These movements are not just about protecting the ice-cap. Last year, a third of the artists featured in an exhibition of political protest at London’s Design Museum pulled out because the museum had hosted an event for an Italian company specialising in aerospace, defence and security. Several artists and performers dropped out of the Great Exhibition of the North, in Newcastle-Gateshead, after BAE Systems was named as a main partner. Like the Greenham Women, they don’t think the West should defend itself.
It should also be pointed out that the Sackler family have been tried in the court of public opinion, as Jewish plutocrats they have been targeted in this intensifying ideological war. They have denied allegations in lawsuits that they contributed to the US opioid crisis, pointing out heroin as more significant than prescription painkillers.
Sir David Attenborough recently said that it’s not possible ‘to be radical enough.’ Does he really want to be represented by humourless little girls and green hardliners who are really anti-capitalists in disguise ? At its recent conference Labour promised to ‘fix the planet,’ if it gets into power.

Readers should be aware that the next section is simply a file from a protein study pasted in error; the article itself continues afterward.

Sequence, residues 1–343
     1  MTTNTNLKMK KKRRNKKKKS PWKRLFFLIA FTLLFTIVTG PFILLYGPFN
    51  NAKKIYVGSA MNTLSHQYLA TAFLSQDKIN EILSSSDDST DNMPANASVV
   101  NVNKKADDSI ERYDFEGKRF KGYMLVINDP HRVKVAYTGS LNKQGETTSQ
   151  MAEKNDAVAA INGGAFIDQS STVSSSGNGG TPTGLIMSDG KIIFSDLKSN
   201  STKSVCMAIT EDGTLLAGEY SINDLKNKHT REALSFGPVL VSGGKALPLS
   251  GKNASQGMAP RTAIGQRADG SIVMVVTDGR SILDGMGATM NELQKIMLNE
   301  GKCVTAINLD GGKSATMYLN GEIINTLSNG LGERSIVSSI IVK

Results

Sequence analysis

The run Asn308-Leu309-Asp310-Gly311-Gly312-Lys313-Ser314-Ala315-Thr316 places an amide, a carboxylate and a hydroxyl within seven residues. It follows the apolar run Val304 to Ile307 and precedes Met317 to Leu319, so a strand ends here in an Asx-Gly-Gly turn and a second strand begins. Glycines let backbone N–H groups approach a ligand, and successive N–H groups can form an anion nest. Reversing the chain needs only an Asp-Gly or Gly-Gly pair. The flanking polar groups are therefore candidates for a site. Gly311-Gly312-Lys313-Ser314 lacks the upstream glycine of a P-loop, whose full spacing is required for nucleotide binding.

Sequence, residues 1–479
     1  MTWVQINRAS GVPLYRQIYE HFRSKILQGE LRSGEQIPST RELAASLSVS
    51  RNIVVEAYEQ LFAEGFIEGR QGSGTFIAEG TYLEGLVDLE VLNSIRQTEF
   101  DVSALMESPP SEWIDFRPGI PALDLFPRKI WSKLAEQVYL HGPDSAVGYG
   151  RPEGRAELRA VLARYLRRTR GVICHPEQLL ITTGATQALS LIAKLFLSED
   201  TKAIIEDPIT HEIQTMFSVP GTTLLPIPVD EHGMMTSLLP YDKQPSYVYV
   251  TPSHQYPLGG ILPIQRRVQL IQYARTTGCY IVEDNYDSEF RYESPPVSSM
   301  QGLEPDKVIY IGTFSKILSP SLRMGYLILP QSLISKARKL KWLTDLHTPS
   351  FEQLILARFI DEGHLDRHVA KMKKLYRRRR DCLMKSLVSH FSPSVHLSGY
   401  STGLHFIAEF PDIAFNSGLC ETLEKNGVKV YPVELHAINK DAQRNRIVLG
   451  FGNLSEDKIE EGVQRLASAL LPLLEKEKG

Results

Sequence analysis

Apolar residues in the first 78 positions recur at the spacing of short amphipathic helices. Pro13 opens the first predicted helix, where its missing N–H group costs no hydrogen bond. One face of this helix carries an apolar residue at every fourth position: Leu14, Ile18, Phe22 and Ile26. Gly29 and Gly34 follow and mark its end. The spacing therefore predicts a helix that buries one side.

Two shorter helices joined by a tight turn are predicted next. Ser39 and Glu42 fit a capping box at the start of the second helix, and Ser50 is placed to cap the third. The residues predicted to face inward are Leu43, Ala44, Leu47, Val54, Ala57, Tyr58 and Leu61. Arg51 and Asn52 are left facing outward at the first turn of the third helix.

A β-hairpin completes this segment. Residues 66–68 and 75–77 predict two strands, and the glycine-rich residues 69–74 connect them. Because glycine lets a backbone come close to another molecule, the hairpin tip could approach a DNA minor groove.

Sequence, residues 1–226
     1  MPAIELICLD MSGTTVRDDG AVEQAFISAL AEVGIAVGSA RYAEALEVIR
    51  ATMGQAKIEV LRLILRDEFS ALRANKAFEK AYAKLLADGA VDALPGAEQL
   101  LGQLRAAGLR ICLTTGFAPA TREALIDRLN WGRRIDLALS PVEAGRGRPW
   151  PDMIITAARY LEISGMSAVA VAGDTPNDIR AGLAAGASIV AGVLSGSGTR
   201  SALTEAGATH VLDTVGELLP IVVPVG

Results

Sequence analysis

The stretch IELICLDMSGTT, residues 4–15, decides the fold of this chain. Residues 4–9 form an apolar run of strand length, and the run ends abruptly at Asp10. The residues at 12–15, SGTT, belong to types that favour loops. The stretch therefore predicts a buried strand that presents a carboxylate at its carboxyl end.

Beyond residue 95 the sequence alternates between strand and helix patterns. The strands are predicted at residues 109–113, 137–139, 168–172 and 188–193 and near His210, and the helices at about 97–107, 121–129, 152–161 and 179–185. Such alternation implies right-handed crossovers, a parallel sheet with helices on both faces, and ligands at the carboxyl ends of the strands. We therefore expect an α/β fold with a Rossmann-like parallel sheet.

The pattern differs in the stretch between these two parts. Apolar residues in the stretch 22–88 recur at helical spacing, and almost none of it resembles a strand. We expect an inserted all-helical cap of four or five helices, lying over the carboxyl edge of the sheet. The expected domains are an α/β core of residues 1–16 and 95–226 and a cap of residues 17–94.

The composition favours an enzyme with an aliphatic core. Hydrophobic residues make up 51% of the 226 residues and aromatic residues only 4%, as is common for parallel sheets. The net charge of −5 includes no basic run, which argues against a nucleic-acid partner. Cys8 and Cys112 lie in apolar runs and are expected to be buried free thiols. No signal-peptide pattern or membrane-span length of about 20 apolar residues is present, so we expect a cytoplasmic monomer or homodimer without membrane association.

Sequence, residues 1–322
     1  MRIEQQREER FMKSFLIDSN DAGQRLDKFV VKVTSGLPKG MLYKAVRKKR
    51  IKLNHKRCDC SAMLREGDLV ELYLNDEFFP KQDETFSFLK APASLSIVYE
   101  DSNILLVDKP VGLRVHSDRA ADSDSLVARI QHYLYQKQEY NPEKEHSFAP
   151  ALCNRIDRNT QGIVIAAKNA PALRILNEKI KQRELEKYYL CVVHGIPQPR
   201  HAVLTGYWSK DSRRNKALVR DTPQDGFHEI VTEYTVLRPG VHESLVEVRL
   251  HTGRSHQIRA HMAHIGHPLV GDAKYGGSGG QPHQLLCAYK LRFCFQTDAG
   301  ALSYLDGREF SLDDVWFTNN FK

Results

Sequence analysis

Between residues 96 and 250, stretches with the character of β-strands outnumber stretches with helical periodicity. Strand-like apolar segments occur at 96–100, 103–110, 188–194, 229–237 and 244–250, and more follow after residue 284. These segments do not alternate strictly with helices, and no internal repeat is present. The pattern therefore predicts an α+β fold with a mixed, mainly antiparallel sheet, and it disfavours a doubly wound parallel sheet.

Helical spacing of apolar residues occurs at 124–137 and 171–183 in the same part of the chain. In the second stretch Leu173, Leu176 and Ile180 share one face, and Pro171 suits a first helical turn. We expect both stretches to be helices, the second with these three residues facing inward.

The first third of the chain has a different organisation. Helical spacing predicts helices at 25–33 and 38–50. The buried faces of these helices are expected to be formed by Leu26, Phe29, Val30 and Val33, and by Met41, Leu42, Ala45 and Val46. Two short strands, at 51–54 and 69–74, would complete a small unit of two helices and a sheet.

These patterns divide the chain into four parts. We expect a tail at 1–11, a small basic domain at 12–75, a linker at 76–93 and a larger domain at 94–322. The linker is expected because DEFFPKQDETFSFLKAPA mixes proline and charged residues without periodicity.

No one (apart from Ken Clarke) would want to take money from a cigarette company, but while no one is forced to smoke, take heroin or to go to the theatre, and we all still rely on gas and oil. Like the need for bums on seats in the theatre, that is the reality. The answer surely lies not in striking poses but in laborious international agreements about reducing fossil fuel and working on better technology and cutting down waste; each one of us can stage an individual revolution in our own lives; giving up our reckless use of water, petrol, mobile phones, wood-burners, meat, including cat food, cheap clothing and all those little extras like patio heaters and air-tickets. Let’s hope we can make these changes quietly, without turning into ruthlessly self-righteous, posturing puritans.